Politics abhors a vacuum, so it is not hard to understand why Al Gore and George W Bush aren't the only candidates in this year's presidential race. Gore, after all, is a Democrat who supports free trade, missile defence and paying off the national debt. Bush is a Republican who can't get enough photo opportunities with minorities, and whose governing philosophy, "compassionate conservatism", is almost identical to new
Both are riding the economic boom, careful to give no hint of radical change. To the many liberals disconcerted by global capitalism and the many conservatives unnerved by the value-free culture of the mass market, they have nothing to offer but
On the outside looking up: Ralph Nader is one of two men the front-runners now have to watch. Photograph: Scott Applewhite
Which is where the newest, two-headed beast in American politics comes in. Ralph Nader of the Green party and Patrick Buchanan of the Reform party are unlikely allies, and for most of the past 30 years they've been diametrically opposed. But they share a new crusade this year - the bludgeoning of the two-party machine - and a new nemesis: corporate capitalism.
The two evils of bipartisanship and corporate capitalism are combined, of course, in their populist imaginations: the capitalists have bought up the two major parties, sold out ordinary Americans, and are fast eroding what's left of traditional virtues in America and around the world.
Fringe freaks? Not exactly. In the polls right now, their combined tally is comfortably over 10%, easily larger than most recent margins of victory in presidential elections. In an election as close as this one is expected to be, their slivers of enthusiasm could matter.
As Bush tacks to the centre, Buchanan is quietly picking up the dregs of social conservatism in the southern Midwest. More dramatically, Nader is running at close to 10% in some western states, scoring particularly well in the pot-smoking, restless enclaves of northern California and the Pacific northwest.
They are odd fellows, each of them. Buchanan is the best known. A former speechwriter for Nixon, television attack-dog of the right, and runner-up in the last two Republican nomination battles, Buchanan in person is shy and mild-mannered, terrified of personal conflict, married with no children, and the kind of man likely to lock himself away for months to read books on American history.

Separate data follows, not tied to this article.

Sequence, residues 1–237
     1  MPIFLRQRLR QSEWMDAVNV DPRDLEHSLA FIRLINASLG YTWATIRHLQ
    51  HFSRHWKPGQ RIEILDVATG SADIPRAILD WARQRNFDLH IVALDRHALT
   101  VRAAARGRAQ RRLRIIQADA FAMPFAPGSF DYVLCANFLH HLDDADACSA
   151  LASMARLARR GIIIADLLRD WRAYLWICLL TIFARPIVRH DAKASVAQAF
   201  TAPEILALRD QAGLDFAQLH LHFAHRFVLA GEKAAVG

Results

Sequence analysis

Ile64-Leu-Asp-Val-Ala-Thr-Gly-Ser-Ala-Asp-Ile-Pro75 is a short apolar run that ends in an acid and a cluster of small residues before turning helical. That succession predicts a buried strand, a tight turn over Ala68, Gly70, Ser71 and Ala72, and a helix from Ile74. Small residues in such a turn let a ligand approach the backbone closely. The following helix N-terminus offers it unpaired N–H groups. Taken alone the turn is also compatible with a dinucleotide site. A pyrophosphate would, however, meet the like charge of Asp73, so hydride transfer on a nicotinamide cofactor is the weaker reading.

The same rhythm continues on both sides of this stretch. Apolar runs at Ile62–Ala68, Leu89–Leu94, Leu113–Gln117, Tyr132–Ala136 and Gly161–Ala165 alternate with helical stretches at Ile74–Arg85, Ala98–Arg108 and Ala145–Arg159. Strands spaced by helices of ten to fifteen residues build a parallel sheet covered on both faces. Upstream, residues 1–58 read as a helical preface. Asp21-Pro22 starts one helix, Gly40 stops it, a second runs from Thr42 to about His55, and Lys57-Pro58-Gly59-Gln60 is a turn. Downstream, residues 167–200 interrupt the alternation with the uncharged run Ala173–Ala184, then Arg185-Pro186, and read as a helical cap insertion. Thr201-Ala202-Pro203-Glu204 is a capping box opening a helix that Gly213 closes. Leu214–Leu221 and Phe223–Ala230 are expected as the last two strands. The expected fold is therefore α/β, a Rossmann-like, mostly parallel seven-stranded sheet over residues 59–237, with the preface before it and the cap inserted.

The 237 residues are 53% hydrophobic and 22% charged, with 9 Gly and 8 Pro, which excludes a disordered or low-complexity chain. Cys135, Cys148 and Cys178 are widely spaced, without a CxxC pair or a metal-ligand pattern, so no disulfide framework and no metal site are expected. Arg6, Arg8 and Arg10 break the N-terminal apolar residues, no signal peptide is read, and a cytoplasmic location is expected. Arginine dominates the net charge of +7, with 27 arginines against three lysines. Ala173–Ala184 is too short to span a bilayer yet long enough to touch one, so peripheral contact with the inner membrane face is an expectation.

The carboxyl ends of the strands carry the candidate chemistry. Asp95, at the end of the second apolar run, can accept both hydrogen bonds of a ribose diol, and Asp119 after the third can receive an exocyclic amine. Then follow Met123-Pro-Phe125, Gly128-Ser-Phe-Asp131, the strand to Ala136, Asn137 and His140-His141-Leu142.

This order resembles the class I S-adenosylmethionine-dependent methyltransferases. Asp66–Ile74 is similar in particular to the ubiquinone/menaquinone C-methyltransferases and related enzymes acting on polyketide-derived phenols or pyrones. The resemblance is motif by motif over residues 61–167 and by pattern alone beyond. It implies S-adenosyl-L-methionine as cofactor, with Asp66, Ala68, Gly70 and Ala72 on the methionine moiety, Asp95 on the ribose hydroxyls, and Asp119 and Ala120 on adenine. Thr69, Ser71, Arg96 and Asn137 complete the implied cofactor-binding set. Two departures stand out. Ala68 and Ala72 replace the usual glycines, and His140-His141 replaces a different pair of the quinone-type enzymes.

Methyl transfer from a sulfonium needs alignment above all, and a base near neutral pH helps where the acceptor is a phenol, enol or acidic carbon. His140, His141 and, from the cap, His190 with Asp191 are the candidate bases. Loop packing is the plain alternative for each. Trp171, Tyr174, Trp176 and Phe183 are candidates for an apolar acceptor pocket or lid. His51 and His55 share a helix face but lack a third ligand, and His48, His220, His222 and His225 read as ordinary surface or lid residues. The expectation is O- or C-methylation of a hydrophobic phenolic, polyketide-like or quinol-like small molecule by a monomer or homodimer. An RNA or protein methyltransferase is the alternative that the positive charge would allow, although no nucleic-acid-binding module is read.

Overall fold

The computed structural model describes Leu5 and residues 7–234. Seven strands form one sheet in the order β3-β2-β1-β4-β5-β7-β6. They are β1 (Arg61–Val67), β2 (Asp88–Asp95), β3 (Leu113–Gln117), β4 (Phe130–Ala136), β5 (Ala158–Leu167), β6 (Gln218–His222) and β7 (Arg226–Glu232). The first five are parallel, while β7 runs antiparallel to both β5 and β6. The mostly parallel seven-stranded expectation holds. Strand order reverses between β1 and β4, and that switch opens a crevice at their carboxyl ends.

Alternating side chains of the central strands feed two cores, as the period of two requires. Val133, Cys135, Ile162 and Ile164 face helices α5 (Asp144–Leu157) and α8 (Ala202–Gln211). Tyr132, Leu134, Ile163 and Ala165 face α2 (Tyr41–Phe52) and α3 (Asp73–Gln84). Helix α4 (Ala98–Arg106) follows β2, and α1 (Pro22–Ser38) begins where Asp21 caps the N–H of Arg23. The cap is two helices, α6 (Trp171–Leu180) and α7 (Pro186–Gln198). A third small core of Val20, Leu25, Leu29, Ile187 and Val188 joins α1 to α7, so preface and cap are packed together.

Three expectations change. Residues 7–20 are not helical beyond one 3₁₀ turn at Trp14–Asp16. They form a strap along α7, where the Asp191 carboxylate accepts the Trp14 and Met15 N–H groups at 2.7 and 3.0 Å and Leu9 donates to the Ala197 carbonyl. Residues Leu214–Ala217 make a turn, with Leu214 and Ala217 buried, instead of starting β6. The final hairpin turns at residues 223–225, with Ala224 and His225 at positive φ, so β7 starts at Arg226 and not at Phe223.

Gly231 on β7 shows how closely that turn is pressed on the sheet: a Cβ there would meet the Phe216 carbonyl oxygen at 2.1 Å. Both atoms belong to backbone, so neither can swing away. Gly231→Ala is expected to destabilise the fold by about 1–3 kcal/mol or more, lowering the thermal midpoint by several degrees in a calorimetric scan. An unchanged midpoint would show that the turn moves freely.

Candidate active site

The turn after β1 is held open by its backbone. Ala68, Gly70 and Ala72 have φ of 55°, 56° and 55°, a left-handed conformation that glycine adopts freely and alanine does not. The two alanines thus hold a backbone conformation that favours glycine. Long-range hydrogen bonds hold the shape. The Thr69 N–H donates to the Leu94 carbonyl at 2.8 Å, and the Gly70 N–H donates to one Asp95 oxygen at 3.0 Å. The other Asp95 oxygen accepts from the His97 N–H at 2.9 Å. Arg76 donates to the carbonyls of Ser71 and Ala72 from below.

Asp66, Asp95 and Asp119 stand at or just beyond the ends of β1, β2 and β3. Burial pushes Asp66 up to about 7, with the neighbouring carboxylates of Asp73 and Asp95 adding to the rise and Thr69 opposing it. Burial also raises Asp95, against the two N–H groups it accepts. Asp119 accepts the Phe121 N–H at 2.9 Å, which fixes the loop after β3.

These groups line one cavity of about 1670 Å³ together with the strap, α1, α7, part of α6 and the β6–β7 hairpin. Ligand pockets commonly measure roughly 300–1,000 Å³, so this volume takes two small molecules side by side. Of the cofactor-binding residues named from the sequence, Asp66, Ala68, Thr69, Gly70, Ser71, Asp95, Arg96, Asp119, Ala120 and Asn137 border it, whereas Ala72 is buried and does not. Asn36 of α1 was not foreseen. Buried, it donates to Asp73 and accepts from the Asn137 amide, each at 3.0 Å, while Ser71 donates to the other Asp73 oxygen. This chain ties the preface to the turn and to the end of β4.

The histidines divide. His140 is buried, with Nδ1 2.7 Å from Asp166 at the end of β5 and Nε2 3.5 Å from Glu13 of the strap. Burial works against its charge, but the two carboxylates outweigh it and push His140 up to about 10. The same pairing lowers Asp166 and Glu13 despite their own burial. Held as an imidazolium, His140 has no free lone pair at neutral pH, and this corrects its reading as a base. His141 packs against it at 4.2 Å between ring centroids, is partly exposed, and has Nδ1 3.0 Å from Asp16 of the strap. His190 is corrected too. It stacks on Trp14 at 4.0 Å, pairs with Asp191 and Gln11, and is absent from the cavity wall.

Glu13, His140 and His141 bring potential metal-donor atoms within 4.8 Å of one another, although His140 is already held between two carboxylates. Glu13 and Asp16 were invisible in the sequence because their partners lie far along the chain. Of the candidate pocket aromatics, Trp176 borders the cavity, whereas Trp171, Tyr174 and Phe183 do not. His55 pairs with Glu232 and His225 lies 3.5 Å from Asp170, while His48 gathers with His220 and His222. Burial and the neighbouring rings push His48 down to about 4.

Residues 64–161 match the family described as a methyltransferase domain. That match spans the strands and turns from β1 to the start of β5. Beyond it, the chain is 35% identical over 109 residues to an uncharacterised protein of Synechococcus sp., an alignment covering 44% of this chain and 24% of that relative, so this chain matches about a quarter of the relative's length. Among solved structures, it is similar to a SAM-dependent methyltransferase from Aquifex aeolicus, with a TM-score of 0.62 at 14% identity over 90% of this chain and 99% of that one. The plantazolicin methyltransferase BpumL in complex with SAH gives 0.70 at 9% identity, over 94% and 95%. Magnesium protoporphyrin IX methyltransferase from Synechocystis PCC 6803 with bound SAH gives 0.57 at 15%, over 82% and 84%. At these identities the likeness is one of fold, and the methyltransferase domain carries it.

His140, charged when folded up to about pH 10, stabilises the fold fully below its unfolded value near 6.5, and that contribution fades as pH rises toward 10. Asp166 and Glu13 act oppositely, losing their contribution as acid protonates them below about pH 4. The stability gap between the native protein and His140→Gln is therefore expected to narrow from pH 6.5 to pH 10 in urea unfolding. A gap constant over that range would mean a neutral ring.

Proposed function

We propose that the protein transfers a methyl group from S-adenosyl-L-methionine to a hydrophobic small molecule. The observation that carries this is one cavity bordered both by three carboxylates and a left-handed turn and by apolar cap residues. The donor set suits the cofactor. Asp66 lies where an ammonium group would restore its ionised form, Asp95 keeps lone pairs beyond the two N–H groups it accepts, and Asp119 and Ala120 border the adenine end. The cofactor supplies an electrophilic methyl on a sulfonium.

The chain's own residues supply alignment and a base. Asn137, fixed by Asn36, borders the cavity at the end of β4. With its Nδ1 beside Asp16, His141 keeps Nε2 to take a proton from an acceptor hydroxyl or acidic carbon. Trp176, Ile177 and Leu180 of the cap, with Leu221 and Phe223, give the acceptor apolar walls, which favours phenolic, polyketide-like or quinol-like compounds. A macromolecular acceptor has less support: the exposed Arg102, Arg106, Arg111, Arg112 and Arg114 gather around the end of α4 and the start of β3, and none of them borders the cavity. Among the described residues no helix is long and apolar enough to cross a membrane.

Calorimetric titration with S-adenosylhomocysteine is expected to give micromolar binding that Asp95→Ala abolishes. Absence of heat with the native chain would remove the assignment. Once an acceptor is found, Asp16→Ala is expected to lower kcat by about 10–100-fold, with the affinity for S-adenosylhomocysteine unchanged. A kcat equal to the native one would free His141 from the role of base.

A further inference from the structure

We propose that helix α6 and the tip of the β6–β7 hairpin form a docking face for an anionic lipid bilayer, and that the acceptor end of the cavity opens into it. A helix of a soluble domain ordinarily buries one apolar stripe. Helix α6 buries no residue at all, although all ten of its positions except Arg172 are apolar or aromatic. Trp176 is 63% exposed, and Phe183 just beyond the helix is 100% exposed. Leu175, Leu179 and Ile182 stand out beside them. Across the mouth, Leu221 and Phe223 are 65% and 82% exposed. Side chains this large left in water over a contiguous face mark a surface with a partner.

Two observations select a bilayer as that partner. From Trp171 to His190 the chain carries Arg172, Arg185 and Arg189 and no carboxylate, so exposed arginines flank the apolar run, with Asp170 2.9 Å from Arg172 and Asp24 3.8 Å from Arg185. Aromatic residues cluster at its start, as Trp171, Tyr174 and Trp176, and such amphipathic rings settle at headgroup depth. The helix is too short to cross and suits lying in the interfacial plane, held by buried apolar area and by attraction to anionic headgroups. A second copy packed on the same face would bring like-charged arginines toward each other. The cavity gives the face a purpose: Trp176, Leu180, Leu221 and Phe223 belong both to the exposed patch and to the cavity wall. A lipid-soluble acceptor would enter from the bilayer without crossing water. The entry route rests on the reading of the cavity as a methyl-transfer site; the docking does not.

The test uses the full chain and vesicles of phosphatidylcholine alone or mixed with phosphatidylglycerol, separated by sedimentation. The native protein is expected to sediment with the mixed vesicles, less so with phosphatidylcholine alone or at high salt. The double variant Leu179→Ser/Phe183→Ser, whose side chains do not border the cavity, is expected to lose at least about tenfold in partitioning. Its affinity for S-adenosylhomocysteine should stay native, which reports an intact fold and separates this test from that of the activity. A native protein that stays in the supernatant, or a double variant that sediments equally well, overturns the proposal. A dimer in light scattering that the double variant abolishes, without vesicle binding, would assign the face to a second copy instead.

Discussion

Nader is similarly quirky. Famously ascetic, he first earned national fame in 1965 with his book, Unsafe at Any Speed, a screed against General Motors' Corvair car. When GM fought back with a personal campaign against him, Nader sued for invasion of privacy and won.
For the next couple of decades, he made a reputation taking on big corporations in the name of consumer safety, setting up a formidable array of public interest groups across the country, and pioneering a lonely politics of liberal zeal. These days, he seems like a cross between Esther Rantzen and Enoch Powell, striding the political landscape like some petty anachronism who won't quit.
But the energy he has tapped into is real. Take this passage from his acceptance speech to the Green party convention: "Through television, the internet stores, samples and mailings . . . companies convey their message to the little ones. They teach them how to crave junk food, thrill to violent and pornographic programming, interact with the virtual reality mayhem.
"The marketeers are keenly aware of the stages of child psychologies, age by age, and know how to turn many into Pavlovian specimens powered by spasmodically shortened attention spans as they become ever more remote from their own family."
It's a wonderful melding of conservative and liberal paranoia. Buchanan has finessed the same formula. At once suspicious of corporate America, opposed to the World Trade Organisation and the North American Free Trade Association, Buchanan is also passionately opposed to abortion, to equality for homosexuals, and to much of Hollywood.
He and Nader represent that oddly evanescent mixture in American politics - a liberal economics and a social conservatism. Nader shares Buchanan's hostility to free trade and big business, although he's far more liberal on issues such as abortion and gay rights.
But his concern for the anonymity and rootlessness of online America is oddly complementary to Buchanan's more familiar reactionism. In one of Nader's more striking campaign riffs, he even voices this explicitly: "[My] goals are also conservative goals," he argues.
"Don't conservatives, in contrast to corporatists, want movement toward a safe environment, toward ending corporate welfare and the commercialisation of childhood? Don't they, too, want a voice in shaping a clean environment rooted in the interests of the people? Don't they, too, want a fair and responsive marketplace, for their health needs and savings?" Sure they do, is Buchanan's reply.
Nader and Buchanan are men who came from nowhere to challenge for the highest office. They are not sons of former presidents or senators; and where the two main parties seem increasingly fake, the sincerity of both Buchanan and Nader is not in much doubt.
In my view, they should be allowed into the presidential debates, if only to make them half-way interesting. They won't be, because the debate commission is a stitch-up between the two big parties, and because American elections are almost always fought over half an inch in the centre rather than half a mile at the fringe.
But, for all their eccentricity, Buchanan and Nader at least represent something real, and something any political system should be able to absorb. It's a sign of America's political health that they are threatening to make Gore and Bush watch their backs. And a sign of Bush's and Gore's weakness that what's behind their backs is so much more interesting than what's in front.
Copyright 2000 Times Newspapers Ltd.